Have you ever wanted to own your own country? When I was 12, it was my goal to eventually build an enclosed ecosystem inside of a dome in Antarctica and build a model society. Why Antarctica? The isolated, inhospitable and legally ill-defined territory made it the perfect site for someone looking to establish themselves without much international politicking.
While I have long since abandoned my dream, an Abingdon, Va., man named Jeremiah Heaton has taken up the cause. He recently appeared in such esteemed papers as The Washington Post and The Daily Telegraph for planting a flag in the desert expanse between Egypt and Sudan. Like much of the Egyptian-Sudanese border, the region is arid, sparsely populated and politically insignificant to either government, which — by Heaton’s reckoning — gives him every right to lay claim to it.
The story behind Heaton’s land grab is touching; he promised his daughter that she could be a real princess and, not wanting to renege on his promise, claimed a territory over which to declare himself king. While this makes for a pleasant dinner conversation, the real-world implications of his ambitions are startling.
Rather than even attempting to purchase the territory, Heaton argues that its classification as “terra nullius” (no state is asserting a legitimate claim to it) means that it is his for the taking. He further points out that the act of planting a flag in the soil and claiming the land is legitimate and has been used for thousands of years.
To be a bit more accurate, this method of claiming land has been legitimated for thousands of years, most recently by rich, white men. Heaton claims that his land grab was an act of love for his daughter, Emily, to fulfill her desire to be a princess. While there is no doubt that Heaton loves his own child, his actions betray a stunning lack of interest, concern and respect for the residents of the land he’s claiming. While the nomadic Bedouin tribes that reside in his new “kingdom” do not identify with any nation-state or hold formal land deeds to their grazing grounds, they are nonetheless affected by Heaton’s actions.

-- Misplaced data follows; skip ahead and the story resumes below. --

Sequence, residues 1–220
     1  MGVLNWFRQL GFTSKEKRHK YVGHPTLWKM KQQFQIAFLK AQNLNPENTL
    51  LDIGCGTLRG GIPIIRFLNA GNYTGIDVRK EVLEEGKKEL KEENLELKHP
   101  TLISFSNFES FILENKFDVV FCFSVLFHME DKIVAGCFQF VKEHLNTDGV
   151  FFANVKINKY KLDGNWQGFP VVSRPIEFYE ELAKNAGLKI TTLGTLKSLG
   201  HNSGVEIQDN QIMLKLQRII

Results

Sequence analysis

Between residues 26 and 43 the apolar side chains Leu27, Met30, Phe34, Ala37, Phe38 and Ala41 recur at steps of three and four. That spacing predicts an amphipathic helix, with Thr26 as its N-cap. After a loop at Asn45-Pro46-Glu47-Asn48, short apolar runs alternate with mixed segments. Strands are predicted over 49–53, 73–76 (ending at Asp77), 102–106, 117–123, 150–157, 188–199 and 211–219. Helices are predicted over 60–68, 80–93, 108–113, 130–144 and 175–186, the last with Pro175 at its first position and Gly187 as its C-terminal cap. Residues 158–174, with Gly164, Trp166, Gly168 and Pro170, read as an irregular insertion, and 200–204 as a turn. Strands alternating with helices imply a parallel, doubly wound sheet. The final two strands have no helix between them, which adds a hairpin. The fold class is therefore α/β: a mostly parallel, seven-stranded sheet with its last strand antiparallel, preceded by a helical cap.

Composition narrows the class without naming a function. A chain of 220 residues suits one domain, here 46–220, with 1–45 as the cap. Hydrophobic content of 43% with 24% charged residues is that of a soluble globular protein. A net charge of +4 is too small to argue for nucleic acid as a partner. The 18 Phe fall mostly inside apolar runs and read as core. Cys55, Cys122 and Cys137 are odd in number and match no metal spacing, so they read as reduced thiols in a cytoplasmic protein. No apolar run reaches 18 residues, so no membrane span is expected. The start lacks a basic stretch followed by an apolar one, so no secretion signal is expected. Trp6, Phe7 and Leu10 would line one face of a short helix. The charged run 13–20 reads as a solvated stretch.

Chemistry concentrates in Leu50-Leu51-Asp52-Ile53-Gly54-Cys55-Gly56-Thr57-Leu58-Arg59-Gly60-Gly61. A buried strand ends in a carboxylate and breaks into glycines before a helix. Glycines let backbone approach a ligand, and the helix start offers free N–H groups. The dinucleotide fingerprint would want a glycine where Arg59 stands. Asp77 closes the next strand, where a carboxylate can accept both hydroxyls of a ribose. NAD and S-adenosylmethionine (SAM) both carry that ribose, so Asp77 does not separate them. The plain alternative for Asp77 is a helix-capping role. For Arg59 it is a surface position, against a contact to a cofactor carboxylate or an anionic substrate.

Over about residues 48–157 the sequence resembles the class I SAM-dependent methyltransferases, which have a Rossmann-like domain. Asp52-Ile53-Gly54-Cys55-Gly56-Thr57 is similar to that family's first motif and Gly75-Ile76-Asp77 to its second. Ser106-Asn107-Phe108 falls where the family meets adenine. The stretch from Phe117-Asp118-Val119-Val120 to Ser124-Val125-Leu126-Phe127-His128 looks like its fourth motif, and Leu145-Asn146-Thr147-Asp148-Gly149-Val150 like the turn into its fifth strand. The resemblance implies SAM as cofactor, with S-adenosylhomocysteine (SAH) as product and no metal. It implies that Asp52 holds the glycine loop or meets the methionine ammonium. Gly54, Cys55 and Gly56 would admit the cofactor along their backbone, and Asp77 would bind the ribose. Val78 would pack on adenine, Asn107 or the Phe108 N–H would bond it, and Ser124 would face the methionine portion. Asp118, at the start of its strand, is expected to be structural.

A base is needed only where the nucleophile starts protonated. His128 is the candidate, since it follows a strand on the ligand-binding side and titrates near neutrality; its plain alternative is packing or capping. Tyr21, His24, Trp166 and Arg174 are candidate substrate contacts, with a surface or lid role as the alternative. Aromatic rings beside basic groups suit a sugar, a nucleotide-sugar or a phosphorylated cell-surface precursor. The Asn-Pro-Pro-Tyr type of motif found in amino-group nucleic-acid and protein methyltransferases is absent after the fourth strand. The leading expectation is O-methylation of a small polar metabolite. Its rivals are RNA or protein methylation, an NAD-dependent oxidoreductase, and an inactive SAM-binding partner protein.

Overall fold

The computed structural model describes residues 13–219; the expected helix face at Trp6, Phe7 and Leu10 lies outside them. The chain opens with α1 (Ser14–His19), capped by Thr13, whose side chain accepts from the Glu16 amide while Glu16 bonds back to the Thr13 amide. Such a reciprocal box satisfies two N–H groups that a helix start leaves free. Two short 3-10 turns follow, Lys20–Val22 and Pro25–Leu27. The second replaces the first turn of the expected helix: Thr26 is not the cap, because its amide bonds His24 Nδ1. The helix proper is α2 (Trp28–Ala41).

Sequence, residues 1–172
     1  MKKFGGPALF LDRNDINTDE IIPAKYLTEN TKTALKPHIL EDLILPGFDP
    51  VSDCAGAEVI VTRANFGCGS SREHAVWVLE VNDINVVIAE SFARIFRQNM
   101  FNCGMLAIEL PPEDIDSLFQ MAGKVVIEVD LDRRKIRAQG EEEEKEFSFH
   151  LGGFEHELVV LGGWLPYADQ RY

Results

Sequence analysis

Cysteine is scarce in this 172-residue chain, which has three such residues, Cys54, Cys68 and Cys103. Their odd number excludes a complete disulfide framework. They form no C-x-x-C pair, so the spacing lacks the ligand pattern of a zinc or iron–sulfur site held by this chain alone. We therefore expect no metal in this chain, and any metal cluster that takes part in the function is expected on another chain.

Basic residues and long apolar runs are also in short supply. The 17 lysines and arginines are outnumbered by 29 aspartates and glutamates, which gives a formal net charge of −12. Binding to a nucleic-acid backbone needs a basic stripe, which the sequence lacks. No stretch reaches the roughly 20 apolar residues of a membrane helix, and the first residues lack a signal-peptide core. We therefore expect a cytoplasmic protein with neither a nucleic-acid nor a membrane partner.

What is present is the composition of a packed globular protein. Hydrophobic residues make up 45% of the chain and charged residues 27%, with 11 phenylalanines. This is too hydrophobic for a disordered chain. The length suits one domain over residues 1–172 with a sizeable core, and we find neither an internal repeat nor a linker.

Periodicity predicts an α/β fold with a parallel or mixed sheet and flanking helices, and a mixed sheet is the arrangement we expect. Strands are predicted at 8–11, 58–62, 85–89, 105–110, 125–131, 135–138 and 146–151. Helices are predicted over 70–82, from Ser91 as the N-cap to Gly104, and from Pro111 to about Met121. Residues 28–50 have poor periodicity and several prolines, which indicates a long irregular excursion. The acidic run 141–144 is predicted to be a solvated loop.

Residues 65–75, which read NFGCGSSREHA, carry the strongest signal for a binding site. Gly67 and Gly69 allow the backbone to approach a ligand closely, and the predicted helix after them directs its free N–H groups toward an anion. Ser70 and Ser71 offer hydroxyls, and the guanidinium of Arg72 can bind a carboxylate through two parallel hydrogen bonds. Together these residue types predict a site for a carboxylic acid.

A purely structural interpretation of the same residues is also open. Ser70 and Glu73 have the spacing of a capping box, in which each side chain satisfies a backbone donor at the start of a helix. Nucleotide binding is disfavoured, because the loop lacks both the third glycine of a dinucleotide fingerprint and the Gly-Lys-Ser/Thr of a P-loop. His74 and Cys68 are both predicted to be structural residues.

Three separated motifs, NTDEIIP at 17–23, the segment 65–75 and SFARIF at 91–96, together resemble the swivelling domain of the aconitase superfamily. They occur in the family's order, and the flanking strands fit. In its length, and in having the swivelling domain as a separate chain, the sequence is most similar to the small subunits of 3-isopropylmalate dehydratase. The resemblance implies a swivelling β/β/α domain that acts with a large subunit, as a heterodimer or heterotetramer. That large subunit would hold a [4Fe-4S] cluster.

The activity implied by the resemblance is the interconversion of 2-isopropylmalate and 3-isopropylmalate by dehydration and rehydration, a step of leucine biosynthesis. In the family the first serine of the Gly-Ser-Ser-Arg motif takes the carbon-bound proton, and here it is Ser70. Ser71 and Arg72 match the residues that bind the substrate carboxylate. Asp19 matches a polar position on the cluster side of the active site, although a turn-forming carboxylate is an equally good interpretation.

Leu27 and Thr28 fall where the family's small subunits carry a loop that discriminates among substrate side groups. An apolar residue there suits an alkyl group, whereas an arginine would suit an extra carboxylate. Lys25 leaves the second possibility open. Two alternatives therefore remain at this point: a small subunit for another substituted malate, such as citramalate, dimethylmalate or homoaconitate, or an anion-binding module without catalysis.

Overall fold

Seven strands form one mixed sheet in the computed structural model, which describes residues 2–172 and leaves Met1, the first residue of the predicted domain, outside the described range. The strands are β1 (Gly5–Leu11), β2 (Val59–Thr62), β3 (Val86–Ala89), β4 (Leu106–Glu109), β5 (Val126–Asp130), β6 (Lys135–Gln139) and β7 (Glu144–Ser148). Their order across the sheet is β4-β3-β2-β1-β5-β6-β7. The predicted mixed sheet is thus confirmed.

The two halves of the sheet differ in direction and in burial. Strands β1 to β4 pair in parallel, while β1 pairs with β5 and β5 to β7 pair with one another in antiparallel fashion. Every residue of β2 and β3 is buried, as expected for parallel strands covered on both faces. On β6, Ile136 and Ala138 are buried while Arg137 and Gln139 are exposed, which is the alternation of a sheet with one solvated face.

For people like Jeremiah Heaton, “colonialism” is an ugly word used to describe the actions of their ancestors as they ravaged the continents of Africa, Asia and the Americas. It is a systematic, large-scale assault on native peoples with the sole intent of making a fast buck. Therefore (obviously), Heaton is not a colonialist because he’s only claiming a small territory out of love.
The reality of the situation is that for many early colonists (the Puritans of Massachusetts Bay, the Spanish missions across Central and South America, the Happy Valley settlement in Kenya), love, enlightenment and peace were the bywords of white invasion. The idea that these emotions could only be satisfied by entering and settling foreign lands rather than in their own homes fueled colonial endeavors well into the 20th century.
It is truly unfortunate that Heaton cannot understand why keeping a promise to his daughter presents such a grave violation of the rights of the Bedouin people. But fortunately for them, bureaucracy will prevail. Though he did not pay for the land he has claimed, Heaton did state that he will seek recognition from Egypt, Sudan, and eventually the African Union and the United Nations. Given both international bodies’ history of addressing colonialism, it is unlikely they will be sympathetic to a white man from Virginia who “just loves his daughter.”